Economics Department
Course Syllabus

Course title:  Principles of Microeconomics (50 220 102 90) Online
Prerequisites:  None                           
Day, Time, Place Online
Instructor:  Robert Vaden
Phone: 856-582-9325
Email: robert.vaden@rutgers.edu

Catalog Description: Economic systems; supply, demand, and the role of the market;   consumer behavior and utility; firm behavior, cost, and profit; competitive and monopolistic products for markets and inputs; government regulation of markets.

Course Overview:   This course is the introductory course in microeconomics.  Emphasis is placed on understanding how a market economy works and the strengths and weaknesses of such an economic system. To this end, heavy emphasis is placed on understanding supply and demand and the role of prices, competition, and self interest in a market economy.

The course also covers the role of profits, a key variable, in a market economy.  The student will see how the economist has a different concept of costs and profits than the  non-economists.  The student will also learn the different definitions and types of costs and profits.  Special emphasis will be placed on economies of scale and their role in determining the structure and performance of the various industry sectors in the American economy.  

The course will provide a detailed discussion of the strengths and weaknesses of the four major market structures in the American economy (pure competition, pure monopoly, oligopoly, and monopolistic competition). The demand for economic resources, including the determination of wages, will be covered in detail.   

Current issues relevant to microeconomics, such as the move to increase the minimum wage to $15.00 an hour and issues related to mergers and acquisitions, will also be discussed, as appropriate.

Required Texts: Microeconomics (Principles, Problems, and Policies), by Campbell, McConnell, Stanley Brue, and Sean Flynn.  Twentieth edition, McGraw Hill (paperback)    

Note:  Reading and studying the texts are very important and key to learning and understanding the course material.   There is no substitute for spending a significant amount of time each week with the texts.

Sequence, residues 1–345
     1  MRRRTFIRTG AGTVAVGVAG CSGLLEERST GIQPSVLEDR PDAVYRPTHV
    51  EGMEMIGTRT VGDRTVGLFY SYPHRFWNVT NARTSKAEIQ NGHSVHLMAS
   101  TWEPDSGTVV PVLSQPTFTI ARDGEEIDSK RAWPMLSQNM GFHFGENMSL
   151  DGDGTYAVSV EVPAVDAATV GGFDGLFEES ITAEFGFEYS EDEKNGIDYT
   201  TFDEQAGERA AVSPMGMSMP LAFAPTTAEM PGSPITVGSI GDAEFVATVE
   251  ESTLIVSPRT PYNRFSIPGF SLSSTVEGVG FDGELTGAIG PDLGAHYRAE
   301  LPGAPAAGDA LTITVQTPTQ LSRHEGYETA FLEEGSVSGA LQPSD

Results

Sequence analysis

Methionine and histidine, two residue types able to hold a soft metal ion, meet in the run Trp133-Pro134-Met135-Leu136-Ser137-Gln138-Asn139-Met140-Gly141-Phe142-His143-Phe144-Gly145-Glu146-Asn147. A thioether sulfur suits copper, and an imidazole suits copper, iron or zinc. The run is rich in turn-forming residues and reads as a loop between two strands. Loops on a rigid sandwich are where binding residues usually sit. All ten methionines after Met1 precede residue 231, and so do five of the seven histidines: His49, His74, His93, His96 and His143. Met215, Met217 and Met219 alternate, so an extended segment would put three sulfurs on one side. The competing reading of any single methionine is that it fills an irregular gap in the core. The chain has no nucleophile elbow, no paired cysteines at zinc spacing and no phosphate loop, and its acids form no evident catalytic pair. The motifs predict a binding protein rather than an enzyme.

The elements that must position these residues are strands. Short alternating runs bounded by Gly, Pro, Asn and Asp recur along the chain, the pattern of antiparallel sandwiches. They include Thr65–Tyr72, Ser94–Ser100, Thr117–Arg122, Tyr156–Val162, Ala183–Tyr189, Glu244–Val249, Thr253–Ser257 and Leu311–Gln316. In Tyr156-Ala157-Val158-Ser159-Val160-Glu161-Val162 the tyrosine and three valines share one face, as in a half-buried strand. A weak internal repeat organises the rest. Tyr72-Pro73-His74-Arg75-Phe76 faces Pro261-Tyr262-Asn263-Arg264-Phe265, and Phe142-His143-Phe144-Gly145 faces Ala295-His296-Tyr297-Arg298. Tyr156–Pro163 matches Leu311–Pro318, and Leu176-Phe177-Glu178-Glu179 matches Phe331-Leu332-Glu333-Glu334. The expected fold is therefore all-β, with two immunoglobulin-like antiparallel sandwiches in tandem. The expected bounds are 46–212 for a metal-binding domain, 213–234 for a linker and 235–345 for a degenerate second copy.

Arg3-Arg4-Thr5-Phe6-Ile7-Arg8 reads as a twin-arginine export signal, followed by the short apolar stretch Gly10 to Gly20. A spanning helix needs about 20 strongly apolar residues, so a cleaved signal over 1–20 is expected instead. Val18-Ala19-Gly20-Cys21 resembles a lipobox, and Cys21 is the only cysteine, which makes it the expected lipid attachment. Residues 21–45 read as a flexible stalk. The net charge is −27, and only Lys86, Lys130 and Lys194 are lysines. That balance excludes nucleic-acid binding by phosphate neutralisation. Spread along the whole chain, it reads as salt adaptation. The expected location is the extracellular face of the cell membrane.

Course Objectives:

  • Introduce the student to the formal study of economics.
  • Improve the student’s level of economic literacy.
  • Stimulate a lasting interest in the student in the field of economics.
  • Provide the student with a good understanding of the principles of microeconomics and show how the lessons of economics can help them in day-to-day living.
  • Provide the student with the knowledge and understanding to better understand the economic issues facing the country today.

Grades:  There will be two tests, a final examination, and each week we will generally have a class discussion question or a short test which will be graded.   These weekly exercise grades will be averaged and count as one exam or one quarter of your course grade.  Note that all tests and/or exercises are cumulative, meaning each could include any material covered in the class to date.   

Final grades will be assigned as follows:

90+ = A;  
84-89= B+;
78-83= B;
72-77=C+; 
66-71=C,
660-65-D; 59 or less=F.   

Office Hours:  To be determined.  Students are strongly encouraged to use the office hours as a way to get to know the instructor and vice versa.  The office hours can also be used to get extra help and clarification for any course problems you might be having.  Office hours are one way to work around lack of personal contact in online courses.   

Course Format:  The weekly course outline provided in the course syllabus is very general and is only intended to provide an overview of the course and the topic to be covered in a given week.  For each week, there will be a weekly page that provides the more detailed information regarding the topics for that week.   

For example, for some weeks there may be links to outside websites that provide additional information on the topic for that week.  The instructor will, most weeks, provide supplementary information that is intended to help the student better understand the course material and the structure of the course.

Also, the weekly course exercises will originate from the weekly page. 

The page will generally become available on Monday of each week.    

Course Outline

Week of

Chapter Title

Chapter #

January 16 

Introduction

Limits, Alternatives, Choices

 

1

January 23

The Market System and the Circular Flow

2

January 30

Demand, supply and Market Equilibrium

3

February 6

Chapter 3,continued

Elasticity (Concepts)

 

6

February 13

Elasticity  (Concepts)  

Review

6

February 20

EXAMINATION 1

Market Failures:  Public Goods and Externalities

 

4

February 27

Market Failures:  Public Goods and Externalities    (continued)

Utility Maximization

4

 

7

March 6

Business Costs 

9        

 

Week of March 13-17  Spring Break

 

March 20

Pure Competition in the Short-run

10

March 27

Pure Competition in the Long-run

 

11       

April 3

EXAMINATION 2

Pure Monopoly  

 

12

April 10

Monopolistic Competition and  Oligopoly 

13

April 17

Demand for Economic Resources

Wages

14

15

April 24

Wages  (continued)

Rent/Interest/Profit 

15

16

May

 FINAL EXAMINATION      

 

Chapter Questions/Problems

The problems below, found at the end of each assigned chapter, will be covered in class.   The problems will not, however, be taken up or graded.  You should use these problems as a self-testing device to see if you understand the material. 

Chapter

Discussion

Review

1

1, 2, 3, 4, 5, 6, 7

 

2

1, 2,4, 5, 6, 7, 8, 9

2,3,4,6

3

1,2,3,4,5,7

1,2,3,4,7,8

4

1,2,3,4,5,9

1,4,6

6

2, 3, 4

2,4,5,6

7

1,2,3,5

 

9

1,2,3,4,5,6,

2

10

1, 2,5,6

 

11

1,2,3,4,5

1,2,3

12

1,2,3,4,5,6,7

1,2 5

13

1,2,3,4,6

3,4,8

14

1,2,3,4

2

15

1,2